Quite well, especially considering the size of both Stockholm and Sweden. It really depends on whether I am to judge bar experience or actual drinks. It is easy to appreciate other cities more as it is both new and exciting, and because I often have a different mindset and mood when visiting other cities. The atmosphere and service is something that I think we can work on in Sweden and improve. But when it comes to what's in the glass that I'm actually drinking, I do know for sure that lots of bars in Stockholm are as good as the best in cities as London or New York. Sometimes even better.

What inspires you regarding spirits and cocktails?

Lots of stuff. Books, magazines, movies, travelling, people and the seasons. Life?

You recently won the Swedish qualifying round of Havana Club Grand Prix - tell me all about it!

The Competition was divided into two different parts: cocktail making and knowledge/sensory. I managed to get pretty high scores on my cocktail (not the highest of all, though) and then I scored highest on the knowledge/sensory. The three persons with the best combined scores were selected to a final knockout round. Each contestant was subjected to questions of knowledge in rum, liquor and cocktail related issues for 2 minutes. At last, the person with the highest score in the final round was assigned as the winner of Havana Club Grand Prix. Fortunately, it was me!

What do you think about cocktail competitions in general?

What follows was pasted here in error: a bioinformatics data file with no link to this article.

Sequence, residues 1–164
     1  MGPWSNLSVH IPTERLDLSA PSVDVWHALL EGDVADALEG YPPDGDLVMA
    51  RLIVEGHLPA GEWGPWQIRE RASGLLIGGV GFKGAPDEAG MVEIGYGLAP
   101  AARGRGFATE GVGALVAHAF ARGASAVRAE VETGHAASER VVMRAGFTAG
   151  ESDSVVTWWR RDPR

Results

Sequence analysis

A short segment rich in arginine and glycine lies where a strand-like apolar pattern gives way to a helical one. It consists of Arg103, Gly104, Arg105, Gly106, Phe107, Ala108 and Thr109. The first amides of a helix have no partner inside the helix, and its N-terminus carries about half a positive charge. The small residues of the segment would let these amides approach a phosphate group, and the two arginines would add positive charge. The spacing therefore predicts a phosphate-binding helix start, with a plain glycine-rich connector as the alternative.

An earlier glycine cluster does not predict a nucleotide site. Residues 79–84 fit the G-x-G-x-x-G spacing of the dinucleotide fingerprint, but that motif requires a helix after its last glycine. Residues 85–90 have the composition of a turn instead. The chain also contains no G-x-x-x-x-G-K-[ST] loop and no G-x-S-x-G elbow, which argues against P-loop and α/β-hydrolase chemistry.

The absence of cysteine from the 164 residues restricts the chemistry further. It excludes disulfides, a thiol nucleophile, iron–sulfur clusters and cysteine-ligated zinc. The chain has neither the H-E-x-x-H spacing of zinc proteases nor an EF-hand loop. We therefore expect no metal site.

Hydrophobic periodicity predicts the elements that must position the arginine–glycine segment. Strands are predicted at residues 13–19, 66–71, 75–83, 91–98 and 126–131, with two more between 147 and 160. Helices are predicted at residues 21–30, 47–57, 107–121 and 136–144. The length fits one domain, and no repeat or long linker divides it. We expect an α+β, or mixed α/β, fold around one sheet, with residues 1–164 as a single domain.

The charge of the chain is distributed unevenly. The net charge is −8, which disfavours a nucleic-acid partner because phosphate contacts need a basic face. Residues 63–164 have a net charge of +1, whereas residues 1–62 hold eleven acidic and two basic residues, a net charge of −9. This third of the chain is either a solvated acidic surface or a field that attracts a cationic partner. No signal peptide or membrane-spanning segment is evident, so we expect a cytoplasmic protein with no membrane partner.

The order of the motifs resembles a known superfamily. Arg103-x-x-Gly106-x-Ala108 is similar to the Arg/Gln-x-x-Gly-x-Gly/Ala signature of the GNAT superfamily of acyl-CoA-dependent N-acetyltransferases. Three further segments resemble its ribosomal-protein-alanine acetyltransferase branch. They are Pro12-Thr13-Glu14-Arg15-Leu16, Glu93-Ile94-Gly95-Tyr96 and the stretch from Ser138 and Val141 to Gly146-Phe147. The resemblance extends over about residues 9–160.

Bartending is much more than just inventing new cocktails. More cocktail competitions are taking the broader aspects of bartending in account nowadays, which I believe is a good way of progress. Competing only with a "signature cocktail" is, to me, just retarded, since anyone can just google or copy a great recipe and then tweak it slightly and then claim the drink is theirs.

The most fun and challenging competition that I've been competing in so far was the Absolut Invite competition, held last year. The more aspects of bartending you put into a competition the better if you ask me.

Which of your signature drinks and what else in your career are you most proud of so far?

I am proud to have had the opportunity to work with so many great bartenders over the years that have both taught and inspired me a lot!

Where do you see yourself in five years from now?

Hopefully still working with spirits and beverages in one way or another!

Would you like to share one of your own recipes?

I competed with this drink in the finals of Absolut Invite last winter. I think it's very hard to make vodka drinks that showcases the flavor profile of vodka since different components in the drink can easily overpower the taste of vodka.

La Trigoria
50 ml Absolut Vodka
20 ml Lemon juice
10 ml Calvados sugar syrup
5 ml Ginger syrup

Shake all ingredients with ice and strain into chilled cocktail glass.